9. Vince Ferragamo L.A. Rams 1979 The Los Angeles Rams were unable to find two things for most of the 1970s: playoff success and quarterback stability. In 1979, Pat Haden started the first 10 games, going 5-5 before breaking a finger on his throwing hand. Starting the final five games of the season, Vince Ferragamo went 4-1, and then won two playoff games to lead the Rams to their first Super Bowl appearance.
10. Norm Van Brocklin L.A. Rams 1951 With two eventual Hall of Famers, it's no wonder the 1951 Rams sought to get both Bob Waterfield and Norm Van Brocklin into games. As the season progressed, Waterfield was starting the games, including the 1951 NFL Championship. But in that one, it was Van Brocklin who supplied the game-winning 73-yard touchdown pass to Tom Fears.

Posted by ESPN.com's Mike Sando

Team Record
Championship Game Result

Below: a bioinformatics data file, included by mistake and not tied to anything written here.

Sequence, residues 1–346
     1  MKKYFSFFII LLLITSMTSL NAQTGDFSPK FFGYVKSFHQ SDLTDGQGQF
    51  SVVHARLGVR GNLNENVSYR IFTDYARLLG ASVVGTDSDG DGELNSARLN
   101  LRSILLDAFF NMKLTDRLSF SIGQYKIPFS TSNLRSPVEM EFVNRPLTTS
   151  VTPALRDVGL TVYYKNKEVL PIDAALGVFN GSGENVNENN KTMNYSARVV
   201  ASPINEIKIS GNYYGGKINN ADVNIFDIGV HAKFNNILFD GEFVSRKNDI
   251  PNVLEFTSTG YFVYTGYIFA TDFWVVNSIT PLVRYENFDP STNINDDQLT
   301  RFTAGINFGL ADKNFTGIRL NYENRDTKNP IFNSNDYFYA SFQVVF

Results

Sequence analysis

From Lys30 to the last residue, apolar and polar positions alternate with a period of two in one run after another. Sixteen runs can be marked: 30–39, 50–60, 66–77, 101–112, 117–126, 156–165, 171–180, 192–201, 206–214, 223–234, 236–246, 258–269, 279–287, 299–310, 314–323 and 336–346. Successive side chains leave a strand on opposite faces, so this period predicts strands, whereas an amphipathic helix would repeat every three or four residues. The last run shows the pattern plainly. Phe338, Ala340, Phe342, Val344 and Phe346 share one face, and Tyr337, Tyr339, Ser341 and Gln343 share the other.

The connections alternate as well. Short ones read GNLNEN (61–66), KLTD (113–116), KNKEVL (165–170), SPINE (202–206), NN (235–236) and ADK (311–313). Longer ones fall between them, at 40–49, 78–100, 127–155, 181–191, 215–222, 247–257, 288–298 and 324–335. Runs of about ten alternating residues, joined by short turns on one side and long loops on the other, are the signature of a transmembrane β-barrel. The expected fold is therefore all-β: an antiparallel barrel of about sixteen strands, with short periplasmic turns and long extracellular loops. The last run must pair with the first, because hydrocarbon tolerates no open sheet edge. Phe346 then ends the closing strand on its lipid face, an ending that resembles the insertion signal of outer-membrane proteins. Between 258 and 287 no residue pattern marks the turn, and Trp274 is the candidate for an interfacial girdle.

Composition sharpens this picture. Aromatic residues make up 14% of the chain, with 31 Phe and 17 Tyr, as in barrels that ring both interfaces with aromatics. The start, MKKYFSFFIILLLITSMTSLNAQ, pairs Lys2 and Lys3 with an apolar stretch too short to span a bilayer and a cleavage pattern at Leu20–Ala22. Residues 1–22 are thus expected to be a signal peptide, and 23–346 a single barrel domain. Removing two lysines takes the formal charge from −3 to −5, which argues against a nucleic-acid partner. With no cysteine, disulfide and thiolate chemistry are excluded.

2008 Cardinals
9-7-0
Cardinals vs. Eagles
2008 Eagles
9-6-1
Eagles at Cardinals
1996 Jaguars
9-7-0
Patriots 20, Jaguars 6
1995 Colts
9-7-0 Steelers 20, Colts 16
1989 Browns
9-6-1
Broncos 37, Browns 21
1987 Vikings
8-7-0
Redskins 17, Vikings 10
1984 Steelers
9-7-1
Dolphins 45, Steelers 28
1983 Seahawks 9-7-1
Raiders 30, Seahawks 14
1979 Rams
9-7-0
Rams 9, Bucs 0
1977 Vikings
9-5-0
Cowboys 23, Vikings 6
1973 Raiders
9-4-1
Dolphins 27, Raiders 10
1971 49ers
9-5-0
Cowboys 14, 49ers 3
1970 Raiders
8-4-2
Colts 27, Raiders 17

The greatest teams in NFL history exist in our memories. They certainly aren't participating in the playoffs this season.

Exhibit A, courtesy of ESPN Stats & Information: The Eagles-Cardinals NFC Championship will be the first conference championship game in a non-strike season to feature two teams who won fewer than 10 games in the regular season.

The chart shows how teams with fewer than 10 regular-season victories fared in championship games since 1970. We excluded the 1982 strike season because teams played only nine games.

The 1979 Rams were the last NFL team to win a conference championship game after finishing a regular season with fewer than 10 victories (they were 9-7). The Cardinals or Eagles will join them. Those 1979 Rams suffered a 31-19 defeat to the Steelers in Super Bowl XIV despite the efforts of Vince Ferragamo, Wendell Tyler, Cullen Bryant, Preston Dennard, Billy Waddy, Nolan Cromwell and Jack Youngblood.